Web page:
Win Off-Broadway Tickets!

One of my dearest friends is my British gay hubby, J. Though he’s currently living in London, for the past three years, he’s been my partner in all sort of tantalizing crimes. From dressing up together for Halloween or theme parties to throwing our own shindigs and picking out heels together, he’s one of the funniest – and most outrageous – person I know.

He also happens to give great dating, and ahem, sex advice.

That’s why I’m so excited for my second giveaway: a pair of tickets to see the hilarious and off-broadway hit, Sex Tips for Straight Women From a Gay Man.

I’ll be announcing the winner next Friday, March 14 at noon!

Here’s how to enter:

Step 1: Follow me and the play on Twitter.

Step 2: Send a tweet to both me and the play (@loveaddictnyc @sextipsplay) and use the #sextips to tell us your burning sex tip question. The winner will not only receive a pair of tickets to see the show, but I’ll also answer the question on my blog – with maybe some sex tips from my gay hubby, J, too.

That’s it – start tweeting to win!

 

 

The Biggest Love of All

I could pretend like I don’t care. I could say that it wouldn’t bother me if I never found it. I could claim that I believe I would be fine without it. I could entertain the notion that monogamy is unrealistic.

Or I could be honest. And the truth of the matter is yes, I want to have a big love.

You know – the one where the sparks just fly. Where inhibitions, caution, fears, and apprehensions are dispersed into the wind of yesteryear – and I just go full force ahead into the tomorrow that now seems so clear. Where each bone and every sensation gives the indication that this person, this man, could be that someone I’ve been dreaming of. Where when he looks my way, when his eyes peer into mine, instead of just seeing facial expressions – I see something that even I couldn’t put into words. Where things, for whatever reason and measured in whatever way we both see fit – just work. Intensely, magically, profoundly, and naturally. Where passion and intrigue are magnified, but when I spent endless time with this person, I find myself shocked thinking, “Wow, this just feels right. It’s so easy.”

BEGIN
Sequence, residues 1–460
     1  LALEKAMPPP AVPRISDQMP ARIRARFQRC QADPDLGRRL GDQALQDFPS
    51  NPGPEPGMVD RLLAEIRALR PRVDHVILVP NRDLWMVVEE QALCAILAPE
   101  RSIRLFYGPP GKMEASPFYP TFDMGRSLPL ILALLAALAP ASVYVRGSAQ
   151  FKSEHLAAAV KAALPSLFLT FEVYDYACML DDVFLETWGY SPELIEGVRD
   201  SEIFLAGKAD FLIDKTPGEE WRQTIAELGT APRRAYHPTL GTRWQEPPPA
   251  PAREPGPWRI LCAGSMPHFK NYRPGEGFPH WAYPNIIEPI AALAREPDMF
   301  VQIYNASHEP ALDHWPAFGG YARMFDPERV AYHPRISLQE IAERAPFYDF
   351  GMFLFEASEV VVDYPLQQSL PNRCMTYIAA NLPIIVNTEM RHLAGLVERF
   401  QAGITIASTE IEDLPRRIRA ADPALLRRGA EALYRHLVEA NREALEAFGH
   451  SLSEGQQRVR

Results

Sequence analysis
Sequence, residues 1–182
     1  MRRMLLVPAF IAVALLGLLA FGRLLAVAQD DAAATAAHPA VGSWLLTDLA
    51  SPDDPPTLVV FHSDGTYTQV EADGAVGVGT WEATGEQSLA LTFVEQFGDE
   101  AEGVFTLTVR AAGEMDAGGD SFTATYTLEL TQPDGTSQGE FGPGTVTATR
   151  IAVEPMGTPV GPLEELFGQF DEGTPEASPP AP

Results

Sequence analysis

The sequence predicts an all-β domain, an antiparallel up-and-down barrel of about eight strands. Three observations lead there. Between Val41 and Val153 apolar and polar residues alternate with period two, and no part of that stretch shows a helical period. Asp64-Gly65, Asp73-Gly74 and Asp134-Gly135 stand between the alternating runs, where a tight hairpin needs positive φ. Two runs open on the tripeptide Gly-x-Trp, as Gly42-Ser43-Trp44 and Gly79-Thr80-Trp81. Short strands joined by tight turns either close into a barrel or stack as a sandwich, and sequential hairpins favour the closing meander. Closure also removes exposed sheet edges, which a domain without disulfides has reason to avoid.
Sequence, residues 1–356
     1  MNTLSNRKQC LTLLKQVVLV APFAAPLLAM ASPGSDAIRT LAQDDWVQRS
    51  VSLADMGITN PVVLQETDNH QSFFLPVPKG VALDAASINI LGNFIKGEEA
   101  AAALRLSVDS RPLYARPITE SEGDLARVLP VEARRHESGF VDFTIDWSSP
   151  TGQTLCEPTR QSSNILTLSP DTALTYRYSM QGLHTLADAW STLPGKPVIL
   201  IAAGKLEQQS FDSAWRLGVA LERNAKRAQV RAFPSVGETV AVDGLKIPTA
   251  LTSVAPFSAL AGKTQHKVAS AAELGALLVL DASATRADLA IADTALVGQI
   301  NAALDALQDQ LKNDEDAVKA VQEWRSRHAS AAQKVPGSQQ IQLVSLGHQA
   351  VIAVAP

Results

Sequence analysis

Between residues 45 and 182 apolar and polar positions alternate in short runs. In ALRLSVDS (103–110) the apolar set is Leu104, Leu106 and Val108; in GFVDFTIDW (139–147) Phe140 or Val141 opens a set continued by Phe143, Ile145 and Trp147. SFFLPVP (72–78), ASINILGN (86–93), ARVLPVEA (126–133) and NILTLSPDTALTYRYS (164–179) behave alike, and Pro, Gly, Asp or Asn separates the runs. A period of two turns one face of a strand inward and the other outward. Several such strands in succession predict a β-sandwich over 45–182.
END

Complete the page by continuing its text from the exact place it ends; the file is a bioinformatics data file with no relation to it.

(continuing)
Lately, I’ve been thinking about this big love and deciding if getting over the idea of having a beautiful story with a dramatic plot line and incredible ending, is a huge part of this journey. We all know the love people produce movies, write novels, and compose music about are unrealistic. And if we admit to desiring such things, our independence, our intelligence, our interest in academia and the world is questioned. I mean, why should we waste brain cells or thoughts or hours of our life, thinking about the big love? When that love – where it be full of ups and downs or smooth sailing – is maybe, just an illusion? One that’s created by Hollywood and Harper Collins.

But the fiction that’s portrayed on silver screens and between pages – it’s inspired by facts. By people with real experiences. By men and women who have felt that thing, whatever it is. Maybe those who have seen it come and go, watched it while it stayed and then as it left. By those who were critics before they were stung by a buzzing person they couldn’t shoo away – regardless of how hard they tried.

I’ve yet to decide if The Love – as we all indicate worthy of capital letters – is the relationship that’s simple and easy-going, without drama and messiness, or if it’s the one that amidst all of the problems, at the end of the day, or in the final act, you’d still chose this person over any other eligibility. Maybe I’m conflicted because the strongest and most withstanding pairs I know all have varying histories. My dad had to pursue my mother for eight months before she finally agreed to go on a date with him (they were married four months later, mind you). A reader once told me she and her husband, knew in a single instance, with one silly glance, that they had just met their match. One of my closest friends, A, met her now-boyfriend in the states, but it took until they were in China at the same time, for them to come together. Other couples I know had to break up a few times, get over one another’s past, and let go of their own baggage to move forward. But when they did, it went full-force ahead into the land of happily ever-together. The stories are all different, the levels of intertwining roads and the bumps that break up the pavement vary, but the love is the same. It is intense. It is powerful. It is based on a mutual understanding of mutuality. It’s that love – the big one. The doozy.